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Hry B, looking good. Are those lead wires? If so, those go on pretty easy and requires very minimal CA to stay put in place. Btw, I know how you feel about looking at a same part for a while and just want it done/finished...well, I know your sick and tired of looking at it, but brother take your time because the end result is worth the extra time ;)

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Damn... VERY impressive!  It's "little" things like that which really make a build great.

Thanks Frank - I've never done a build quite like this one, and while the details are sometimes frustrating to try and figure out, I am pleased with how everything has come together so far.

 

Hey B, looking good. Are those lead wires? If so, those go on pretty easy and requires very minimal CA to stay put in place. Btw, I know how you feel about looking at a same part for a while and just want it done/finished...well, I know your sick and tired of looking at it, but brother take your time because the end result is worth the extra time ;)

Hey Mike - yea, 0.010" from the local fly shop.  Once everything is all painted up I'll attach these in a more permanent style, and straighten out the bends etc per the prototype.  But yeah, the devil is in the details, and my hope is that I can capture enough of them to really make a stand out bird when all is said and done.  With that said, you don't know how to easily but completely re-contour intakes that are the wrong shape do you?  :D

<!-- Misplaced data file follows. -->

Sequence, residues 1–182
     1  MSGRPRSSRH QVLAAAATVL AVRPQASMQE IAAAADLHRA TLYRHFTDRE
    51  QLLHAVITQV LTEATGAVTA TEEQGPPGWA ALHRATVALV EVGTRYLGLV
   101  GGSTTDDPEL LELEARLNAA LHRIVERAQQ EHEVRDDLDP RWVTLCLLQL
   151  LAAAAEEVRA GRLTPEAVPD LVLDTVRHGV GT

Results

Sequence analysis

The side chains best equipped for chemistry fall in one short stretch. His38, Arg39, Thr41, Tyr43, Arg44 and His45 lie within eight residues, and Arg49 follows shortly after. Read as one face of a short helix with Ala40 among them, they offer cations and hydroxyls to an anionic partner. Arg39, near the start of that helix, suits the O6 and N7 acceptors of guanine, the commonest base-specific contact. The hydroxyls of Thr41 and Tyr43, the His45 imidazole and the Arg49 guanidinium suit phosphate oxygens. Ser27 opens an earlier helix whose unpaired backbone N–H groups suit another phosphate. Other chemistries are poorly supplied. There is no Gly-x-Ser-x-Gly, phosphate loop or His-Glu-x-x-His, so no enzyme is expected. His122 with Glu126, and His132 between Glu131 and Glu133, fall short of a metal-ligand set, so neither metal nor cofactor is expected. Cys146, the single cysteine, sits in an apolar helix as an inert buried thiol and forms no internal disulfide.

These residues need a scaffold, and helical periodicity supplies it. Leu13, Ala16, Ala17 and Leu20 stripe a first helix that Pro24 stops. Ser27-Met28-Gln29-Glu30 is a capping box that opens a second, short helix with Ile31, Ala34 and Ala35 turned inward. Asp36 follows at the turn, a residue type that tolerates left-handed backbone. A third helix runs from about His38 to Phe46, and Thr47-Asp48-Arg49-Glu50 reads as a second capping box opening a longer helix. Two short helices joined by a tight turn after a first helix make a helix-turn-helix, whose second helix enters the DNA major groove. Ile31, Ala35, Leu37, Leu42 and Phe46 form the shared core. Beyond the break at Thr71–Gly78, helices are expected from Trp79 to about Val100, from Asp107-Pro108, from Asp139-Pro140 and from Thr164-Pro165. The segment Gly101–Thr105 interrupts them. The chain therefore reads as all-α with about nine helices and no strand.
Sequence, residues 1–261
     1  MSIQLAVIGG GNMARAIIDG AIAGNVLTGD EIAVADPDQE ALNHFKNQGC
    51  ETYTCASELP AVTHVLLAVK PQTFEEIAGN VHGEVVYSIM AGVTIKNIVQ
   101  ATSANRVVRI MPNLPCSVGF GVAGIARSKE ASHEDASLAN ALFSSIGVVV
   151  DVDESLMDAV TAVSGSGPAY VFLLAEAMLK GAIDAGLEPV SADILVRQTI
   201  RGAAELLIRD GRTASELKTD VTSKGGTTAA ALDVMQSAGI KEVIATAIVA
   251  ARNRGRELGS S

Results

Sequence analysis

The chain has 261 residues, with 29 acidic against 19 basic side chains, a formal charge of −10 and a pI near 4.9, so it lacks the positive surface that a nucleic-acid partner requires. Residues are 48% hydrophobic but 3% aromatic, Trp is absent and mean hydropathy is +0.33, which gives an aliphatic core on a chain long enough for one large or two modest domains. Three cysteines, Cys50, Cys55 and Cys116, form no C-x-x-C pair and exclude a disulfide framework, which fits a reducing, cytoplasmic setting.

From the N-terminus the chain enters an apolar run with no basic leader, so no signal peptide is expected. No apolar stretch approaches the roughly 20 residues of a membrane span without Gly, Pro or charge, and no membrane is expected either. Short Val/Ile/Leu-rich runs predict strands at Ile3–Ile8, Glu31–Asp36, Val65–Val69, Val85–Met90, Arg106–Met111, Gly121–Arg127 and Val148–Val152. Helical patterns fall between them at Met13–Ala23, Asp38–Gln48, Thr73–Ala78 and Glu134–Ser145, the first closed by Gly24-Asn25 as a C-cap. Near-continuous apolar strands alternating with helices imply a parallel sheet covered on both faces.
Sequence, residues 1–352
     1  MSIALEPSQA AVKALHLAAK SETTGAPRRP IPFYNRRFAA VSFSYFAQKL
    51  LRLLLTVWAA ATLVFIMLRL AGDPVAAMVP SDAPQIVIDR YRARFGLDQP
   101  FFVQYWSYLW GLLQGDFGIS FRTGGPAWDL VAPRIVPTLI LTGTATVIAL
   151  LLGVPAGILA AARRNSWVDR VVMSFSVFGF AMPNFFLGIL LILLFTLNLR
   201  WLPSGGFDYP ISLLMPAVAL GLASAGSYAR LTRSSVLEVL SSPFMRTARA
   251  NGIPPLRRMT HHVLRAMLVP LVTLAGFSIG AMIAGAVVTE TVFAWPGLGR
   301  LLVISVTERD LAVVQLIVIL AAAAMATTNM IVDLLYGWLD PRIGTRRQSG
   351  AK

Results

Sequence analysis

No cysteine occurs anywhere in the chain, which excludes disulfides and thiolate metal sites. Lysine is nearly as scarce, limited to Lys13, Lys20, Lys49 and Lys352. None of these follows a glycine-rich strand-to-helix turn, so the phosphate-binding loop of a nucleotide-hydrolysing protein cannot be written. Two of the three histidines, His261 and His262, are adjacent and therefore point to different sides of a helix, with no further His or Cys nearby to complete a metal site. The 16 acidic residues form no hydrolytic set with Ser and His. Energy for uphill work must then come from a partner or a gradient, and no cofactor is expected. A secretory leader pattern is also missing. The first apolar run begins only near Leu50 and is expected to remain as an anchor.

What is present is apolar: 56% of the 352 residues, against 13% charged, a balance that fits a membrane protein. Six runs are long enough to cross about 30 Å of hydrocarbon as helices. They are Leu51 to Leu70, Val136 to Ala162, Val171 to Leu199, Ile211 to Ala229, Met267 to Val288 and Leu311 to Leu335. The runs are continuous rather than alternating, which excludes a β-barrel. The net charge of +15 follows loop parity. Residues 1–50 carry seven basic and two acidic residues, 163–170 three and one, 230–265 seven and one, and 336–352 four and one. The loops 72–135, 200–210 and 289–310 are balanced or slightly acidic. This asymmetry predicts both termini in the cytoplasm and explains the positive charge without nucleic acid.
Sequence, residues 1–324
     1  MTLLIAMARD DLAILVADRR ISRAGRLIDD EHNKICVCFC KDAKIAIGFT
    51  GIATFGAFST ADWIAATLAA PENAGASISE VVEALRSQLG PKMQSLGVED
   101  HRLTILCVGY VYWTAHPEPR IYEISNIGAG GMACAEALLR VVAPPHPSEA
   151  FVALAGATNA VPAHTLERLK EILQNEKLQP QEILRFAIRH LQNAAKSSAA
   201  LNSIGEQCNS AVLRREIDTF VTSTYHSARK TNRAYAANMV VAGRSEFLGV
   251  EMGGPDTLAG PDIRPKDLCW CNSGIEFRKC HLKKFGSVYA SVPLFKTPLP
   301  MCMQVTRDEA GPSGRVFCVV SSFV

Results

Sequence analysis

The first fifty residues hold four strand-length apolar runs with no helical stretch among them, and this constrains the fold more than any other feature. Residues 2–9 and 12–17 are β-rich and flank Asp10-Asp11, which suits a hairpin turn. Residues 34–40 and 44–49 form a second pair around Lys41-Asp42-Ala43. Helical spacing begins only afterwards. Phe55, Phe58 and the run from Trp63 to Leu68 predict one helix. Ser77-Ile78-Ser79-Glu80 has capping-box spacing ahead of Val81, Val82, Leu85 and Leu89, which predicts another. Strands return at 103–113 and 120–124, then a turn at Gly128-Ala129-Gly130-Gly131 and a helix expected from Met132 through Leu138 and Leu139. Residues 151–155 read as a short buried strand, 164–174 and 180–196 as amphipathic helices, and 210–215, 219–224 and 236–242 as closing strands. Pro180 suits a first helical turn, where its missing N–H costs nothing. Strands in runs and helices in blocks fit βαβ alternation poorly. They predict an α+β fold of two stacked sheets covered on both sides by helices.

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Love the detail work :thumbsup: !

 

 

I think what finally pushed me to do more a/c in flight builds was my laziness for wanting to do the proper detailing of wheelwells and landing gear. It's obvious you're not suffering from said laziness :D .

 

Thanks for the update!

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Love the detail work :thumbsup: !